Geneticists cut transfer times by two thirds using Globus to move data between a sequencing lab and a campus HPC cluster

Genetics researchers at the Semel Institute's Center for Neurobehavioral Genetics are using the vervet as a model organism to study behavioral traits. As the second Old World Monkey sequenced (the first being Rhesus macaque), vervets, unlike the great apes who are mostly in near-extinction status, are widely available* for biomedical research. Given the greater genetic similarity to humans than other model organisms such as a mouse, the vervet is a great genetic model for studying high-level cognitive/behavioral traits, such as novelty-seeking, intruder avoidance, and also primate-specific diseases, such as simian immunodeficiency virus (SIV). The large pedigree of vervet monkeys housed in the Vervet Research Colony (VRC) in North Carolina provides a direct genetic resource to study various phenotypes in a controlled environment. The Center's current focus is to sequence a large number of VRC monkeys with well-characterized and highly heritable phenotypes, and to carry out genetic mapping to find the genetic loci underlying these phenotypes.

The challenge is dealing with the large data size of the sequences for these vervets. The average genome size is 3 billion bytes and each genome is sequenced 10X to ensure data quality. Each base of the genome has a sequencing quality score attached, effectively doubling the volume of data. Thus, it takes 60GB (3GB X 10 X 2) to store one genome (uncompressed). As of April 2012, the Center was halfway to their final goal of sequencing 723 vervets, with cumulative data totaling 18TB. From these raw sequences, researchers run a workflow to find genetic variants (where the vervets are different from each other), and excluding numerous intermediate files, they retain the filtered sequences, the alignment files and the final genotype calls. When all is said and done, they will have accumulated about 20TB of compressed data.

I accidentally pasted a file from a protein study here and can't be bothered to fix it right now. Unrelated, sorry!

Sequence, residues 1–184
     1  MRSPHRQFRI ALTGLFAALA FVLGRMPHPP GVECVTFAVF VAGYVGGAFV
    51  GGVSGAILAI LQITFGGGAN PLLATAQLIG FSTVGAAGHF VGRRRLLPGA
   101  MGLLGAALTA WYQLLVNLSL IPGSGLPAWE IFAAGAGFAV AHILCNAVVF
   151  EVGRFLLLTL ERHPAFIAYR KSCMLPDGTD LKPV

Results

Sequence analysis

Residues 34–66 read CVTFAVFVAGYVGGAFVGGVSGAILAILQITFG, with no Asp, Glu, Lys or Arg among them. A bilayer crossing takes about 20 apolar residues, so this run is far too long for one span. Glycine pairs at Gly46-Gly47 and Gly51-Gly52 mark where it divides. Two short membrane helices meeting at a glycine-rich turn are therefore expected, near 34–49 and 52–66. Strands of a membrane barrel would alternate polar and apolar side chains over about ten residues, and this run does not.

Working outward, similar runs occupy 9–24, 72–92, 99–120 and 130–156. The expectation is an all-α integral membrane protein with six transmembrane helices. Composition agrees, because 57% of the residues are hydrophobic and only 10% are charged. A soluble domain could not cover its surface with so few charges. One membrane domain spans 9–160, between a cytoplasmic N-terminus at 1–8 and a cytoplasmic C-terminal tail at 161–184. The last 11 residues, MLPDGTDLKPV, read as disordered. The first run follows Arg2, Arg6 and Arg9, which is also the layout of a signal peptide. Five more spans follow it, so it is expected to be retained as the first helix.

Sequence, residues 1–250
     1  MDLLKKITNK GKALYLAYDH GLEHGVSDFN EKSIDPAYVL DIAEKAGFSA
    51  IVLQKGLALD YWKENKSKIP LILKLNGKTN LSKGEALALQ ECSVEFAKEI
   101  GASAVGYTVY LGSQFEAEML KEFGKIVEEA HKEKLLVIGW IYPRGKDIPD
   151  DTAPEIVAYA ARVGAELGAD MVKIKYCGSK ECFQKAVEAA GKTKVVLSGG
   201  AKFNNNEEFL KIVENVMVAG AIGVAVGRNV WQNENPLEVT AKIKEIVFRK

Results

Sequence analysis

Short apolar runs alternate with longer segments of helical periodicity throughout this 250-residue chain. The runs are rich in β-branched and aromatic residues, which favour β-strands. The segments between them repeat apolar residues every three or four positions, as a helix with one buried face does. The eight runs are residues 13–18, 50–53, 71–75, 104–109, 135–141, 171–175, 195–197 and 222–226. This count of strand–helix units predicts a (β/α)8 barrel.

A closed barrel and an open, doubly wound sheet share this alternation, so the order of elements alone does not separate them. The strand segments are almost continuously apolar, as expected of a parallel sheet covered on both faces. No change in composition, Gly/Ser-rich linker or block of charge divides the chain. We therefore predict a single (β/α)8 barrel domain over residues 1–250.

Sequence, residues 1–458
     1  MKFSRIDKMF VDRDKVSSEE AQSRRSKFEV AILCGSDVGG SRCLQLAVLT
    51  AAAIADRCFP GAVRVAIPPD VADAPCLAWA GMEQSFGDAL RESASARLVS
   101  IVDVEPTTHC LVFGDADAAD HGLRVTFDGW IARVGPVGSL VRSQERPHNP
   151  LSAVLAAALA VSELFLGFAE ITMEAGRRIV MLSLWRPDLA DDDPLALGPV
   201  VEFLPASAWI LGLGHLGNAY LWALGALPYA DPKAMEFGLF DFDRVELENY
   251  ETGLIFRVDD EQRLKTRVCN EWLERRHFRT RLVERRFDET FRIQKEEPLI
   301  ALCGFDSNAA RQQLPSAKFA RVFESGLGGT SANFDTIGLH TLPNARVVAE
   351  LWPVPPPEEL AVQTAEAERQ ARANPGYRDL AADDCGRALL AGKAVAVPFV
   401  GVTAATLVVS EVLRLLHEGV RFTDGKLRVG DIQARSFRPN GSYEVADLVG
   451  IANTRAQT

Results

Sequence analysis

Data is stored on sequencing lab's mini cluster, but the research team would like to leverage the power of the Hoffman2 high-performance computing cluster. This requires constantly moving data back and forth between the lab mini cluster and Hoffman2. The team used scp as their primary file transfer mechanisms but had to deal with slow performance and varying levels of reliability.

Globus effectively removed this bottleneck with its use of multiple TCP streams via GridFTP, allowing researchers to achieve much higher data transfer rates between the lab's mini cluster and Hoffman2. The result was an up to threefold boost in transfer speed. "It is a great tool and we hope the Hoffman2 staff will continue supporting it", said one researcher. The impact on science is clear: less time wasted dealing with IT issues and more time spent on real research.


  • "The bottleneck here is that scp (copy through ssh) is simply too slow.”
  • "Now that Globus is set up, it usually takes one day to finish transferring data between the lab and Hoffman2, compared with three days before.”
  • "With the time saved in transferring data, we could spend more time in processing data."

Scientists collaborating on this project include: Nelson Freimer (PI), Yu S. Huang, Vasily Ramensky, Susan Service, Nam Tran, and Anna J. Jasinska from the Center for Neurobehavioral Genetics, UCLA Wesley Warren, and George Weinstock from The Genome Institute at Washington University in St. Louis Ken Dewar from McGill University and Genome Quebec Innovation Centre * Rhesus is widely available in India, but export restrictions imposed by the Indian government make it a less ideal candidate.